Summary: A study exploring the link between brown adipose tissue (BAT) activity and the tendency for physical contact yielded inconclusive results, challenging earlier assumptions.
Researchers attempted to replicate a 2012 study using infrared thermography to measure BAT activity, hypothesizing that lower activity might correlate with a greater need for physical contact.
Despite testing 94 participants, the method failed to reliably measure BAT activity, leaving questions about its role in social behaviors and attachment styles. This setback indicates the need for alternative methods to explore how BAT may influence human social interactions and health.
The study aimed to establish a non-invasive method for measuring BAT activity to understand its role in social behaviors.
Infrared thermography, used to measure BAT activity, proved unreliable, contradicting previous smaller-scale studies.
The research highlights the complexity of linking BAT activity with human social behaviors, suggesting further exploration is needed.
Source: Polish Association of Social Psychology
Psychologists suspect that the quantity of brown body fat, which is found in a specific area in the upper neck and can increase body temperature, is linked to the tendency of some people to seek physical contact. So, a recent study sought to evaluate whether there is an easy, low-cost and non-invasive way to determine the activity of this tissue.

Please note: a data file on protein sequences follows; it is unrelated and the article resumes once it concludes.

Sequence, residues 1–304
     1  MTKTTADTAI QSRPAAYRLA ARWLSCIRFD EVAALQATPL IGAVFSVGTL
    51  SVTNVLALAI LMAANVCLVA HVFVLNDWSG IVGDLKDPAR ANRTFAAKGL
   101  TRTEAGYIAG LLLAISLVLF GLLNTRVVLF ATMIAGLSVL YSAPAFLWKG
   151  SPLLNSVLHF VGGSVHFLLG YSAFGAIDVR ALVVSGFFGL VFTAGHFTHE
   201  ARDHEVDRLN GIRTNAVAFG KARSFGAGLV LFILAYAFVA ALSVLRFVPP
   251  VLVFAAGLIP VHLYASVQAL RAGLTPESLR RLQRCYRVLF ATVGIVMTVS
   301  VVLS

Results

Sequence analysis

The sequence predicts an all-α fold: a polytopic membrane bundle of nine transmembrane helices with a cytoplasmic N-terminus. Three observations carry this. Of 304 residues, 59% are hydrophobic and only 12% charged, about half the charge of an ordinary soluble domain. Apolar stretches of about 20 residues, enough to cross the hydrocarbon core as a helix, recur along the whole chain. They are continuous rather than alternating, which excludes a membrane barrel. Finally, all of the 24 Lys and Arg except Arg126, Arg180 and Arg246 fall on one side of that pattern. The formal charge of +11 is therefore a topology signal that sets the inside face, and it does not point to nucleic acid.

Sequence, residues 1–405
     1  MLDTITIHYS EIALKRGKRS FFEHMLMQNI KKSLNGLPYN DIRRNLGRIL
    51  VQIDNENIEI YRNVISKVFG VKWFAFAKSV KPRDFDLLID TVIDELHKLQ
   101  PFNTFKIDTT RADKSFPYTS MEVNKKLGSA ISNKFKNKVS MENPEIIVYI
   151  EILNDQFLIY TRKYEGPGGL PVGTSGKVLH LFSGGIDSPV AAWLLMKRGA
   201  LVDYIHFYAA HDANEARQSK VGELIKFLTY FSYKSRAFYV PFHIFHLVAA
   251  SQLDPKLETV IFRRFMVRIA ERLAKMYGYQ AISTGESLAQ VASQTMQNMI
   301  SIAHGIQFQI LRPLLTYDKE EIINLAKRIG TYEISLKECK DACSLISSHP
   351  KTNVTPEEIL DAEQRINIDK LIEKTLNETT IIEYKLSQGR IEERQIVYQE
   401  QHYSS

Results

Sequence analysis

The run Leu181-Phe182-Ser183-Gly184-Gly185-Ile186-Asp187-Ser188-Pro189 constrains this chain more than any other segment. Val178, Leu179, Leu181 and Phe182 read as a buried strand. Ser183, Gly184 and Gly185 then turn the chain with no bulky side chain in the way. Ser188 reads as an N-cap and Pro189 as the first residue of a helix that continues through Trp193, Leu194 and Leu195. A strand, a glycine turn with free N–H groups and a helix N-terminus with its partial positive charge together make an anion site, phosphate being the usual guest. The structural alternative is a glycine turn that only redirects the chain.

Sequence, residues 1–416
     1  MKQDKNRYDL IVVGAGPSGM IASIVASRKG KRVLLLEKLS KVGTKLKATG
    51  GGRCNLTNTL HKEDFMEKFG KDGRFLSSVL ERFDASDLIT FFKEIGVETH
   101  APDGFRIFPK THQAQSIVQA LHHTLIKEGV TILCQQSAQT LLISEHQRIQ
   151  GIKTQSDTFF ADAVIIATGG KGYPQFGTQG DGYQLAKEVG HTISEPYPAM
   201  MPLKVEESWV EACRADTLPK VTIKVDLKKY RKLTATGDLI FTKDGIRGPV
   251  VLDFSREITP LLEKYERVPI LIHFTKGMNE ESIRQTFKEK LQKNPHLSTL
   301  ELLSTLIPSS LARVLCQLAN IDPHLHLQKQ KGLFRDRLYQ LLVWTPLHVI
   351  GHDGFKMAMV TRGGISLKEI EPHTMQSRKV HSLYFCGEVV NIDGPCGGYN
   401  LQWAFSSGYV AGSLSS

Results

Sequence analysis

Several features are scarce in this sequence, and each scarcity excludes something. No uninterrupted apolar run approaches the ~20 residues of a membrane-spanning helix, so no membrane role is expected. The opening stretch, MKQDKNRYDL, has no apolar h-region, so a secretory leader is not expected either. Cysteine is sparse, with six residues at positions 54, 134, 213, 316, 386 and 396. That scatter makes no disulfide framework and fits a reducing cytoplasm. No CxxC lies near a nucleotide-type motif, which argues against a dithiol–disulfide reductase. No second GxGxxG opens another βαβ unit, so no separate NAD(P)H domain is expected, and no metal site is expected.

If such a method existed, it would be much more achievable to understand the links between seeking physical contact, such as warming cuddles, and the activity of brown fat tissue. The main hypothesis is that a poorer activity of brown fat tissue would be associated with more behaviours of seeking physical contact (see the work of Prof. Hans IJzerman, one of the authors of this study).
The inclination to seek physical contact is intricately linked to an individual’s attachment style: be it anxious, avoidant, secure, or disorganised. In fact, an avoidant individual would typically refrain from seeking physical contact.
Whether attachment style is associated with a difference in the activity of brown adipose tissue is yet unknown. Eventually, a method to evaluate the association between thermoregulation and social behaviours would benefit social psychologists.
“In species other than humans, BAT (i.e. Brown Adipose Tissue) thermogenesis has been thought to be relevant for maternal care. But if and how BAT is involved in human interpersonal interactions or adult human attachment is equivocal,” explain Nathan Vidal (Université Grenoble Alpes, France) and his co-authors in a new research paper, published in the peer-reviewed open-access journal Social Psychological Bulletin.
“The reason for BAT and its role in adult human social interaction being so ill-understood is that the most widely-used method to measure the amount and the activity of BAT relies on very intrusive radioactive tracers,” they add.
Inspired by the findings of their fellow researchers from 2012, who reported promising results when using infrared cameras to monitor in real time how much heat the brown fat depot in the supraclavicular region would give away in cool conditions, Vidal and his team set out to find more about the link between the curious thermal activity and individual attachment traits.